As used in any embodiment described herein, “circuitry” may comprise, for example, singly or in any combination, hardwired circuitry, programmable circuitry, state machine circuitry, and/or firmware that stores instructions executed by programmable circuitry. It should be understood at the outset that any of the operations and/or operative components described in any embodiment herein may be implemented in software, firmware, hardwired circuitry and/or any combination thereof.

The embodiments described above may be implemented in a computer program that may be stored on a storage medium having instructions to program a system to perform the methods. The storage medium may include, but is not limited to, any type of disk including floppy disks, optical disks, compact disk read-only memories (CD-ROMs), compact disk rewritables (CD-RWs), and magneto-optical disks, semiconductor devices such as read-only memories (ROMs), random access memories (RAMs) such as dynamic and static RAMs, erasable programmable read-only memories (EPROMs), electrically erasable programmable read-only memories (EEPROMs), flash memories, magnetic or optical cards, or any type of media suitable for storing electronic instructions. Other embodiments may be implemented as software modules executed by a programmable control device.

The present disclosure may provide numerous advantages over the prior art. The embedded control technique described herein may allow for a continuous analysis of data packets without endangering the in-line devices of the network. The embedded controls may utilize a QoS approach to allow traffic flow without blocking traffic completely. In the event of a true DoS situation, the packet marking technique described herein may work in conjunction with existing techniques to safeguard the embedded device from the attack.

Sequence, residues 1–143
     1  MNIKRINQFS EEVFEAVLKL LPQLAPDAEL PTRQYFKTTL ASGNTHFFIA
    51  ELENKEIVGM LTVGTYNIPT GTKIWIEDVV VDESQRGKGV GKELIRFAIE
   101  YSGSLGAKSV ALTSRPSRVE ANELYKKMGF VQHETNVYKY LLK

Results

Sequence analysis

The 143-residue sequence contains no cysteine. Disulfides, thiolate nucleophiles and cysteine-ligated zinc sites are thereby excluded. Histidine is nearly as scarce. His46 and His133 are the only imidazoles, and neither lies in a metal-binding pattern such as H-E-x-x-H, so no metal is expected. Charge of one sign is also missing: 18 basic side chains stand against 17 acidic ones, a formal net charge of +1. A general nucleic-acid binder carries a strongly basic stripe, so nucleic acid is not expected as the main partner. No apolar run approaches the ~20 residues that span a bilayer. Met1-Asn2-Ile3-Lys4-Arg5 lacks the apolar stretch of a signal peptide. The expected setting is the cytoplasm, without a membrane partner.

The terms and expressions which have been employed herein are used as terms of description and not of limitation, and there is no intention, in the use of such terms and expressions, of excluding any equivalents of the features shown and described (or portions thereof), and it is recognized that various modifications are possible within the scope of the claims. Accordingly, the claims are intended to cover all such equivalents.

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Referenced by
Citing PatentFiling datePublication dateApplicantTitle
US8339971 *May 4, 2010Dec 25, 2012Intel CorporationNetwork protection via embedded controls
Classifications
U.S. Classification370/242, 370/389
International ClassificationH04J3/14
Cooperative ClassificationH04L12/2602, H04L41/0213, H04L41/5022, H04L43/16, H04L63/1416, H04L43/0811, H04L43/00
European ClassificationH04L63/14A1, H04L41/50B1, H04L43/08C